For some, the world is still small. Anti-vaxxers disrupted the tram service the day after the summit with a manifestation, or demonstration, while other youngsters celebrated the warm autumn days with maskless kissing in public.
“This new momentum has started. This is a new movement, first of all because this is what we owe Africa and all its youth,” said Macron in his opening speech at the summit to the 3,000 or so participants gathered in the hall.
The audience was regaled by African musicians for the two hours it took for Macron to catch up with his printed schedule, which included attending a basketball match in the court that was set up within the conference venue.
It was one of the first in-person events held in the city since the start of the Covid-19 pandemic last year. Almost 70% of France’s population has been vaccinated against Covid-19 and vaccine passports are required to enter many public spaces. In many respects, life has gone back to the old normal — except for the mask mandate on public transport, crowded inside spaces and the anti-vaccine protests.
Macron emphasised the youthfulness of the African continent in his speech by saying more than 70% of its population is under 30 years old.
He said the first reason for the summit was that France had a history with Africa, and it had a responsibility to find certain projects that responded to the needs of the African youth.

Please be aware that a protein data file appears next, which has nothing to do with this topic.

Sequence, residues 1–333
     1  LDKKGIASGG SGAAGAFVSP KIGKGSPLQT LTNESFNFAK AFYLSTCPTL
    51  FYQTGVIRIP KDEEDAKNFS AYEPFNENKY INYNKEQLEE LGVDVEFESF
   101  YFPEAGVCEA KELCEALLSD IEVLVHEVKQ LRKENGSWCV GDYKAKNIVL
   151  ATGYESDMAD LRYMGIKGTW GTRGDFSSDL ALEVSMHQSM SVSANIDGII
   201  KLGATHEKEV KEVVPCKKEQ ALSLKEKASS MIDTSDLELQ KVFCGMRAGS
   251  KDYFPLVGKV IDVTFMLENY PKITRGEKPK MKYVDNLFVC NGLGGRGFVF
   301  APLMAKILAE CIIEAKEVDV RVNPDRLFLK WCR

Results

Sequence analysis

The second reason was that France had been built on its relationship with Africa. “We have more than seven million French individuals whose lives have been intimately linked to Africa, either through their first or second generations. This means that we cannot have a future project or any plans for the future, have a vision for France if we don’t take on board the history of France.”
His previously stated intention to pay more attention to anglophone countries was not quite reflected at the summit. Macron has visited Nigeria, where he was a French embassy intern 15 years ago, Kenya, Ghana and South Africa, among others, in an attempt to reach out to countries for business opportunities where France’s colonial baggage is a little lighter.
France has, for example, recently partnered with South Africa and the World Health Organization to establish the first messenger RNA technology transfer hub for Covid-19 vaccines, which is also set to benefit the rest of the continent.
At the summit, however, he didn’t speak English, although an interpretation service meant it was possible to follow his speeches. Some delegates expressed disappointment at the lack of English programmes and signage around the conference venue.
There were about two dozen delegates from South Africa, among them University of Pretoria Vice-Chancellor Tawana Kupe, who was awarded an honorary doctorate by the University of Montpellier for his work in “building academic partnerships across the African continent and the globe, and for his leadership in transformation of higher education at a global level”.
The University of Pretoria hosted Macron during his state visit to South Africa in May, which is where Kupe said the relationship was cemented. “No university, country or region of the world can do it alone, and this work is certainly not for ourselves, but for the very livelihood of our planet and our future generations,” he said during the acceptance ceremony. DM
Disclosure: The French government covered flight and hotel costs to Montpellier.